News Local/State

Plan Commission Says ‘No’ To Landmark Status For Buildings In Path Of High School Expansion

Champaign Unit Four School Board President Chris Kloeppel and attorney Patrick Fitzgerald, testifying before the Champaign Plan Commission.

Attorney Patrick Fitzgerald (right), representing the Champaign Unit Four school district, addresses the Champaign Plan Commission Wesnesday, arguing against city landmark status from three homes on West Church Street slated for demolition for the expansion of Champaign Central High School. Unit Four School Board President Chris Kloeppel (left) sits next to him. Jim Meadows/Illinois Public Media

Two weeks after the Champaign Historic Preservation Commission nominated three buildings for historic landmark status, the Champaign Plan Commission has recommended denying that status, to allow for the expansion of Champaign Central High School.

At issue is whether the three former residences on West Church Street can be torn down for parking and athletic fields in an expanded Central High School campus. The buildings in question are the Albert & Julia Burnham mansion at 603 West Church Street, the McKinley Memorial YMCA, also known as the Philippe residence at 500 West Church Street, and the Capt. Edward Bailey home at 606 West Church Street.

The Champaign Plan Commission voted Wednesday to recommend denial of landmark status for the three buildings, after hearing from the Champaign Unit Four school district, which acquired the buildings earlier this year.

Susan Appel, who submitted landmark applications for two of the buildings, told the panel that she expected the city to deny the request for landmark status. But Appel, a board member with PACA, the Preservation and Conservation Association of Champaign County, said the application was valuable for other reasons.

“One of the purposes for these nominations was to record and document these buildings as structures of great worth, in spite of Unit Four’s apparent disregard for that worth,” said Appel.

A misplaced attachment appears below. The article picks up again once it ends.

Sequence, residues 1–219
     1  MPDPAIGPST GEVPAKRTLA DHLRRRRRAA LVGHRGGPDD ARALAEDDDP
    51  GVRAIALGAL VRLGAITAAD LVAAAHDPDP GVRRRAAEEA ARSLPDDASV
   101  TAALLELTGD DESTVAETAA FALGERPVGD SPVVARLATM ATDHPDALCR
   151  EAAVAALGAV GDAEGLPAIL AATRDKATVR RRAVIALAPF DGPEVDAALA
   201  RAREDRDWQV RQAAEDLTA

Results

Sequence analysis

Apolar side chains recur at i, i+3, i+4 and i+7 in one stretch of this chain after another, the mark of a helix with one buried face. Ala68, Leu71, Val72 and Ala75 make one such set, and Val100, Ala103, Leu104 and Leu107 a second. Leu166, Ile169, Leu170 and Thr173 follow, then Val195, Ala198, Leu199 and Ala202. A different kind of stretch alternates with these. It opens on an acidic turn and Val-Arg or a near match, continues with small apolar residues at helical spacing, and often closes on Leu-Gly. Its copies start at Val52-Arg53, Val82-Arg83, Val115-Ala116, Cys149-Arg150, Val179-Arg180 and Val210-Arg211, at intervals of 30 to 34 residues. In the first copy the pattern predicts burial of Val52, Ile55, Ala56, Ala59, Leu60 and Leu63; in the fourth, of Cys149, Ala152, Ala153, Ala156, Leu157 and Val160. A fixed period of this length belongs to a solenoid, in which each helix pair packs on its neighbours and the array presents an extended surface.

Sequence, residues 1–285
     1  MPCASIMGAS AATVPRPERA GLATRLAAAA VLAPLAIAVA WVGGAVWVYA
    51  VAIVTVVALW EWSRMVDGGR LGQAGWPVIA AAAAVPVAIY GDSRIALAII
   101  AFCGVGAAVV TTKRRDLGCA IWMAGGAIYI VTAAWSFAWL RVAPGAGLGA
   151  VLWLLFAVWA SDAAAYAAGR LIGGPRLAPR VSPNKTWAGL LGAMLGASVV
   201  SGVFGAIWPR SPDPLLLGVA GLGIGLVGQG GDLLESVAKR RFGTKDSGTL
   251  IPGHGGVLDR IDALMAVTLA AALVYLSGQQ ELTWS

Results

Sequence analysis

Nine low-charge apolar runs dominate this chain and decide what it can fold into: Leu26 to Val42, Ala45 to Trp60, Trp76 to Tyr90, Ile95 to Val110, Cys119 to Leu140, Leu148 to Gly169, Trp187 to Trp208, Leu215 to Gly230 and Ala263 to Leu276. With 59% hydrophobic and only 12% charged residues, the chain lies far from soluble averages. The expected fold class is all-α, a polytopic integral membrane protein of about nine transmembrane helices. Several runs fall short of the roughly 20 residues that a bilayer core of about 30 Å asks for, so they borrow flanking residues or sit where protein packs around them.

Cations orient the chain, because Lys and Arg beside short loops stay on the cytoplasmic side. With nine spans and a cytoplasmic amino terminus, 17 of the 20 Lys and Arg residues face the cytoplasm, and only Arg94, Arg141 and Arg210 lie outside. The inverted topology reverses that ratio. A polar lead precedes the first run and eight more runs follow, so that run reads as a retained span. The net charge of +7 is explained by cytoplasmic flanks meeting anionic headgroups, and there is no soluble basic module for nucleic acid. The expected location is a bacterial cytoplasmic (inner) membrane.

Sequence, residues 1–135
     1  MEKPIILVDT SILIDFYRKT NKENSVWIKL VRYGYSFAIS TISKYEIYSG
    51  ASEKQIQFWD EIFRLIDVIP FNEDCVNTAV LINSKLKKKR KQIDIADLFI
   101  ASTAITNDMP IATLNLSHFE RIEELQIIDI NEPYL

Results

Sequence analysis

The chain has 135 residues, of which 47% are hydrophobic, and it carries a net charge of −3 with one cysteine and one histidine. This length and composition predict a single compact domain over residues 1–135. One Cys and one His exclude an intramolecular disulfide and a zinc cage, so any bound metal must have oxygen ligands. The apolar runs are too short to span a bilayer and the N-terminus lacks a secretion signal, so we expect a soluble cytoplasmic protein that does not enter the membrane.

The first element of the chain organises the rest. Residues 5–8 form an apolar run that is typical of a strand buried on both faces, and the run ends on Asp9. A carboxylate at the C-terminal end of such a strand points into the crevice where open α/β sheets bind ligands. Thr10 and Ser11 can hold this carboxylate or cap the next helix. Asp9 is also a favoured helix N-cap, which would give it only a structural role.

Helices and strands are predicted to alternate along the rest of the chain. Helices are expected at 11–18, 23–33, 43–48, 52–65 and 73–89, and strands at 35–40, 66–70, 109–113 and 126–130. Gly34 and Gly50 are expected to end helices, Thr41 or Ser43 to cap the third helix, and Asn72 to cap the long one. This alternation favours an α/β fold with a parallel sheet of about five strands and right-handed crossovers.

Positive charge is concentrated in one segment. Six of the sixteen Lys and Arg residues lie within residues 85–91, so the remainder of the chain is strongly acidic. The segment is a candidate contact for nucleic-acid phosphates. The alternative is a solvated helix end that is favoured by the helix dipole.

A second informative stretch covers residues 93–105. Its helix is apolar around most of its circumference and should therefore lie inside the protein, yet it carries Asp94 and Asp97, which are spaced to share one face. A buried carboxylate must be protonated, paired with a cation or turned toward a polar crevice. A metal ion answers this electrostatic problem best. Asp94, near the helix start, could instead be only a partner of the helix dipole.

Appel had made similar remarks before the Champaign Historic Preservation Commission two weeks ago, when that panel voted to nominate the three buildings for landmark status. But in addition to the buildings’ historic value, the Plan Commission was also charged with weighing those values against other concerns, including the concerns of the owner, the Champaign Unit Four school district. And the school district has consistently argued that keeping the buildings would endanger plans to renovate and expand Champaign Central High School,  plans being financed by a bond referendum approved by voters last year.

Representing the district, Attorney Patrick Fitzgerald said city officials had discussed the three buildings last year at a joint school board-city council study session.

“Demolition of the Unit Four properties was discussed by the City Council, with the consensus being that there was a balancing of interests in play, with the greater good being the expansion of Central High School,” said Fitzgerald.

Unit Four plans to use the Burnham lot as part of expanded parking at Champaign Central High School. The other two buildings would be torn down for a softball and soccer/football fields.

Preservationists say the three buildings — especially the 1884 Burnham mansion — are important parts of Champaign’s history. Besides being home to a notable local banking family, the Burnham mansion is one of the few surviving examples of houses designed by the 19th century Chicago architectural firm of Burnham and Root (the two Burnhams are not related).

The Champaign City Council makes the final decision on the landmark status proposals at its December 5th meeting. If landmark status is denied, Unit Four School Board President Chris Kloeppel says demolition of the three buildings would occur sometime in 2018.